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History of the Bell House

The History of the Bell House is provided here as told to John H. Phillips by one of its former occupants, Physician Edward Slowik, in the summer of 1995.  Dr. Slowik claimed to have researched this history of the building and had this to say when he visited the building to walk down memory lane about what was once his historic location.

In 1795, a road was built along the present-day path of Montgomery Road, connecting Cincinnati with Montgomery, Ohio and eventually beyond.  Montgomery Road was known as the “State Road.”  The house at 9521 Montgomery Road is believed to have been built sometime around 1825, although construction records do not exist, and its construction could be earlier than estimated.  The architectural style is called “salt box,” and derives its name from the popular wooden box used to store salt in Colonial times; both the house and the wooden box share the same gable roof shape that has just one story in the back and two stories in the front.

When “State Road” was extended beyond Montgomery towards Columbus, Ohio, tollhouses were used to recover the funds used for construction.  The house at 9521 Montgomery Road was originally constructed as one of the tollhouses.  The occupant of the house was responsible for going out into Montgomery Road and stopping the horses and wagons to collect the toll between this tollhouse, and the tollhouse known as 20 mile station.  With the demolition of 20 mile station on April 16, 2013, the Bell House is believed to be the last tollhouse to stand on Montgomery Road.

When it ceased being used as a toll house, it was a residence for several families, eventually being owned by the woman from whom it takes its landmark name, Eliza Jane Weller Bell who lived in the house in 1890.  As downtown Montgomery commercialized, the house became the location of the community physician, and was a trauma center.  Persons who were in an accident or suffering from a health related trauma were brought into the door on the south side of the building where the local physician had one job – stabilize the patient to survive the 4 hour horse and buggy ride to one of the Clifton hospitals.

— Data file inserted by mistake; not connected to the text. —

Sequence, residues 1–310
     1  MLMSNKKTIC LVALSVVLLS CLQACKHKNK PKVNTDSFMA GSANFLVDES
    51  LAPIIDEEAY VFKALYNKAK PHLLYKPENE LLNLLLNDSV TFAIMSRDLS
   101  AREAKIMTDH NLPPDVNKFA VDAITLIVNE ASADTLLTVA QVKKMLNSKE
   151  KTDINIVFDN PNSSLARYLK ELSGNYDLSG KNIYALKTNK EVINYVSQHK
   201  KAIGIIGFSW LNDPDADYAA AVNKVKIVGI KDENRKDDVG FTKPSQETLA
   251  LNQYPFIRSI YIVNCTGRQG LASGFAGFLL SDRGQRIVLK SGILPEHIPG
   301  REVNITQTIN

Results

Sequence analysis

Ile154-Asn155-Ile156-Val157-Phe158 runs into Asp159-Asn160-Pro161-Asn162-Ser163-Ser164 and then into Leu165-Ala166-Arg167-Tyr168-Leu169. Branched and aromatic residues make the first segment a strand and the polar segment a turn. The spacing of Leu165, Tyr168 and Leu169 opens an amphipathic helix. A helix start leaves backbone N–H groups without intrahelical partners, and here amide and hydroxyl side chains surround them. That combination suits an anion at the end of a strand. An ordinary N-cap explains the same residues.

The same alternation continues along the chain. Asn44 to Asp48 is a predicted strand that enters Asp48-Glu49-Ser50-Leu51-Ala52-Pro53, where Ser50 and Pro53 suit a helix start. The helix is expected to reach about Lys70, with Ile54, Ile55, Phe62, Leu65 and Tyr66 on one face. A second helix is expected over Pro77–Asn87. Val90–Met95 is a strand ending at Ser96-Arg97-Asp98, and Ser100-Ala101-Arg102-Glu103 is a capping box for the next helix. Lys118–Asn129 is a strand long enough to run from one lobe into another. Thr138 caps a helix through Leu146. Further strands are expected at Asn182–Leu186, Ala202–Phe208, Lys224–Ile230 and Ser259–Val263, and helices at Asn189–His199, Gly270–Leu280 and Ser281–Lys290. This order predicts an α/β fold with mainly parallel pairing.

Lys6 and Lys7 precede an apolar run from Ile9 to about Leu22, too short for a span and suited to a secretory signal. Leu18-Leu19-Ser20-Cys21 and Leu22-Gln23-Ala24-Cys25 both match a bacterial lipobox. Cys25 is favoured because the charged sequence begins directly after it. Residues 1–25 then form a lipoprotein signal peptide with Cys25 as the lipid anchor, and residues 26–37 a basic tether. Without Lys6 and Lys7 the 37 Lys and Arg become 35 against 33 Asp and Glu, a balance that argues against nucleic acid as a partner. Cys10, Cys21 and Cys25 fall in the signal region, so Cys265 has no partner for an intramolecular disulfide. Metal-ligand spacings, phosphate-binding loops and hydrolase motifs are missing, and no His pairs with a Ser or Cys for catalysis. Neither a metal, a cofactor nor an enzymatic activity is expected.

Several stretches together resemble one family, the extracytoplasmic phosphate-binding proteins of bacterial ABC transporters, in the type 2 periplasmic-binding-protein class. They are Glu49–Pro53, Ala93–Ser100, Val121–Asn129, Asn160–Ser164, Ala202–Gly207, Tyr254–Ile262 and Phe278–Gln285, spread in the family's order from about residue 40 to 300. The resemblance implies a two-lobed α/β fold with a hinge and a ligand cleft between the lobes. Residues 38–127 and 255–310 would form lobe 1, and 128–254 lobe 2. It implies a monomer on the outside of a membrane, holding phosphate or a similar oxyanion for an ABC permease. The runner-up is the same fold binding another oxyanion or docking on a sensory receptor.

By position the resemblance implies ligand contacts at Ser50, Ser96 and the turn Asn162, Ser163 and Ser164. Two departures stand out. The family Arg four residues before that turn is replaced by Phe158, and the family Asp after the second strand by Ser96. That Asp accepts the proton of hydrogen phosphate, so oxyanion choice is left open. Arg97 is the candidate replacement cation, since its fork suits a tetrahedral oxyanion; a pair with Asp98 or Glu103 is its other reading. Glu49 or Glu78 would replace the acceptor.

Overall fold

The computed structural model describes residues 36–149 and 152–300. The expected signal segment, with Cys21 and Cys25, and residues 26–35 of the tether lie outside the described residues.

In April 1960, the building continued to be used as a Physician’s office when it was purchased by Dr. Edward M. Slowik, who later became a founder of Otto C. Epp Memorial Hospital (now Jewish Hospital).  Although not widely known, Dr. Slowik was the twin brother of Uncle Al Lewis, from the Uncle Al show that aired for decades in Cincinnati, Ohio.  Under Dr. Slowik’s ownership, the building was renovated, and an addition was added to the north end of the building.  Eventually, Dr. Slowik added Dr. Richard Sulek to his medical practice and the two practiced together until 1985 at this location.

In 1985, Paul Wesselkamper purchased the building and operated a successful real estate office known as “Signature Realty” out of the location until 1994.  In 1994, Phillips Law Firm, Inc. moved in and renovated the building for use as a law firm.  Phillips Law Firm, Inc. has been continuously operating at this location since 1994.  In 2005, improvements were made to the building, including the removal of a rolled steel roof believed to date to around 1900.  Under the rolled tin roof was the deteriorated cedar shake roof dating back to the original construction.  A new historically accurate cedar shake roof was installed, and Phillips Law Firm, Inc. was the recipient of the 2005 Montgomery Historical Preservation Award for its efforts.  A shadow box with renovation pictures and items found on the property is located in the lobby of the building, and includes some of the original roofing shingles from circa 1825, handmade glass insulators from when the building once had lightning rods, a horseshoe found in the rafters of the root cellar (because it was not a basement when constructed), and a buffalo gun cartridge.